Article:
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Entries Tagged as 'Sociology'

The Boundaries of Science

June 7th, 2010 · 24 Comments

Quondam colleague John Timmer at Ars Technica writes up a recent study on how people cling to cherished beliefs in the face of countervailing scientific evidence.  The conclusion—they fall back on the idea that the question is somehow outside the domain of science—seems plausible enough, and it’s certainly not hard to think of bogus moves […]

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Tags: Science · Sociology

Asking and Guessing

May 10th, 2010 · 9 Comments

Amber Taylor links to a column on “ask cultures” and “guess cultures,” playing with a notion that seems to have debuted in a 2007 comment on Metafilter: In some families, you grow up with the expectation that it’s OK to ask for anything at all, but you gotta realize you might get no for an […]

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Tags: Language and Literature · Sociology

Frum & Greenwald on Epistemic Closure

May 6th, 2010 · 10 Comments

They’re both a little sick of the term—and believe me, at this point, I empathize—but this is as good a summary of what I was trying to talk about as I’ve seen. The whole discussion is pretty interesting and on point. Greenwald is right, incidentally, that technology hasn’t cloistered partisans—research shows online news consumers are […]

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Tags: Journalism & the Media · Sociology

A Coda on Closure

April 22nd, 2010 · 131 Comments

Over the past couple of weeks, a pair of posts I wrote about what I dubbed “epistemic closure” on the right kicked off a surprisingly broad set of conversations and debates—mostly, I suspect, because it slapped a name on a phenomenon that a lot of people already recognized, and which many conservatives were themselves feeling […]

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Tags: Journalism & the Media · Sociology

Vegetarians of the World, Unite! You Have Nothing to Lose But Your GVP!

April 7th, 2010 · 41 Comments

Anyone who’s been a vegetarian for any length of time nodded along in recognition with Ezra Klein’s post about the dreaded Grilled Vegetable Platter, or GVP.  It’s usually encountered at big group events where one or two proper dishes have been assembled, with the GVP tacked on as an afterthought for the vegetarians, who (it’s […]

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Tags: Sociology

Epistemic Closure, Technology, and the End of Distance

April 7th, 2010 · 118 Comments

I’ve written a bit lately about what I see as a systematic trend toward “epistemic closure” in the modern conservative movement. As commenters have been quick to point out, of course, groupthink and confirmation bias are cognitive failings that we’re all susceptible to as human beings, and scarcely the exclusive province of the right. I […]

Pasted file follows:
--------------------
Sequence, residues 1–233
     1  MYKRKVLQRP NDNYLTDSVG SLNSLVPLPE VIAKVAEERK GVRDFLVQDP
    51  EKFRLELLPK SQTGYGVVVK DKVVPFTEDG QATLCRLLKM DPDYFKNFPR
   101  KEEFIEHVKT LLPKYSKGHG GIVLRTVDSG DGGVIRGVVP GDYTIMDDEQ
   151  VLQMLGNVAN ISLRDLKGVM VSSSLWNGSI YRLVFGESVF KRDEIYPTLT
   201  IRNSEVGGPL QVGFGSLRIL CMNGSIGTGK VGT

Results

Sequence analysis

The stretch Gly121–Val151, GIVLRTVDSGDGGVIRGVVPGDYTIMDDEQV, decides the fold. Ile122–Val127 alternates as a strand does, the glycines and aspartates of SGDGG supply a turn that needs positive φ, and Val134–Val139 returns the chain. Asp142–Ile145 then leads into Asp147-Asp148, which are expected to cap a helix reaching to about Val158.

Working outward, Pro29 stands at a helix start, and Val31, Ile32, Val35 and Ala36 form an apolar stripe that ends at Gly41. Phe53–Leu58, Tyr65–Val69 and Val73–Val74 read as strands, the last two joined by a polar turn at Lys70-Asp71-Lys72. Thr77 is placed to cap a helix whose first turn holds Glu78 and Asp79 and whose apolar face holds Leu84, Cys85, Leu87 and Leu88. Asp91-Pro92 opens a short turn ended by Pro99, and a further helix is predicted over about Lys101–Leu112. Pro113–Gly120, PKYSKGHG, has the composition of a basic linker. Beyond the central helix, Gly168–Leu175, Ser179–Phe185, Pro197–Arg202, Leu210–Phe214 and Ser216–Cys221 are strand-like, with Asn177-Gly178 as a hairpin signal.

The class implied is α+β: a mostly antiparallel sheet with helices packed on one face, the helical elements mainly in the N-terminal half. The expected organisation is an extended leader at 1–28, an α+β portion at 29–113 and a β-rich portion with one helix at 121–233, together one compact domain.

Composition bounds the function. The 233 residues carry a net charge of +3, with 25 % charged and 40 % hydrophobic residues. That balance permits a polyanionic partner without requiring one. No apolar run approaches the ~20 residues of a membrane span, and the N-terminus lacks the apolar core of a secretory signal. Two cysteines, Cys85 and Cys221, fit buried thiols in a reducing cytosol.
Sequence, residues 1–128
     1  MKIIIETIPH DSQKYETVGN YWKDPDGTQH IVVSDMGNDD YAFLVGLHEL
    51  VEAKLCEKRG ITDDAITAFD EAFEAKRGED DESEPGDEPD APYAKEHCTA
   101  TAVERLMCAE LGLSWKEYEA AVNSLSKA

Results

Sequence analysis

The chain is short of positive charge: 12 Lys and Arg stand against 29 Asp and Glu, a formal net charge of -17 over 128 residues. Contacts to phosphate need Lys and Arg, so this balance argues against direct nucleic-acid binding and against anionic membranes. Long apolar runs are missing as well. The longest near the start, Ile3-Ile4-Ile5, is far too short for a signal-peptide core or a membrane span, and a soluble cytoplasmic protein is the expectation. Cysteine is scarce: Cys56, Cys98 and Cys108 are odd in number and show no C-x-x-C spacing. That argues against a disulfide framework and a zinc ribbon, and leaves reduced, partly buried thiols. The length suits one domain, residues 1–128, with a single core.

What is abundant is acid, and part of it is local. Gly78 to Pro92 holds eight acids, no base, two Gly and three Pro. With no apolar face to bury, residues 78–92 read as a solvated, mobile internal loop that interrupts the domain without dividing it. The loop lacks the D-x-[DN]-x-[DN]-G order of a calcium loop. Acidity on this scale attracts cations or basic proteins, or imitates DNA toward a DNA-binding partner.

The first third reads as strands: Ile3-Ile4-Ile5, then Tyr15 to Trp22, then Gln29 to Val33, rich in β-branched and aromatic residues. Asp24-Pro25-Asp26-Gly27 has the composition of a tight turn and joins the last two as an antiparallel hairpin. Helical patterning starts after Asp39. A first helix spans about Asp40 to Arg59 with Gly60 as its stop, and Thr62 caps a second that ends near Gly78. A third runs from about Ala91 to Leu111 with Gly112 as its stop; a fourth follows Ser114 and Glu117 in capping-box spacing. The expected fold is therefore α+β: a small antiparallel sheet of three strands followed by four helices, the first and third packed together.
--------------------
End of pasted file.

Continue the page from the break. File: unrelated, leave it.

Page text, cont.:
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Tags: Journalism & the Media · Sociology

Wow.

October 14th, 2009 · 17 Comments

Via Spencer and Lindsay Beyerstein, apparently Double-X has hired some kind of sociopath as a “friendship advice” columnist. And by “sociopath,” I mean the sort of person who thinks that it’s too much to ask that putative friends (a) not ditch another friend who mysteriously vanishes in a state of obvious distress on a night […]

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Tags: Sociology

The Perils of the Op-Ed Column and Suicide Girl Conservatism

October 14th, 2009 · 9 Comments

I feel like you don’t see quite so many good old fashioned blog rants anymore, so it’s sort of nice to see Freddie DeBoer let one rip over at the League of Ordinary Gentlemen. The first part is a long criticism of what Ross Douthat’s been up to since taking his gig at the New […]

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Tags: Horse Race Politics · Journalism & the Media · Sociology

Oppositional Moralities and Nobel Revisionism

October 12th, 2009 · 15 Comments

According to the narrative that appears to have been in place by Saturday, reactions to the news that Barack Obama had been awarded the Nobel Peace Prize were sharply split on partisan lines: Democrats celebrating and conservative Republicans reacting with “outrage.”  Now, between Twitter and my RSS feed, I woke up to a whole slew […]

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Tags: Journalism & the Media · Sociology

Arugula Akbar?

September 15th, 2009 · 4 Comments

Thoreau over at Unqualified Offerings writes: In a report on Indonesia, the Economist makes the interesting point that urban Muslims in Indonesia are actually more likely to be drawn to more austere, fundamentalist versions of Islam than their rural counterparts.  The rural Muslims prefer religious practices that blend Islam with elements of Hinduism and indigenous […]

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Tags: Religion · Sociology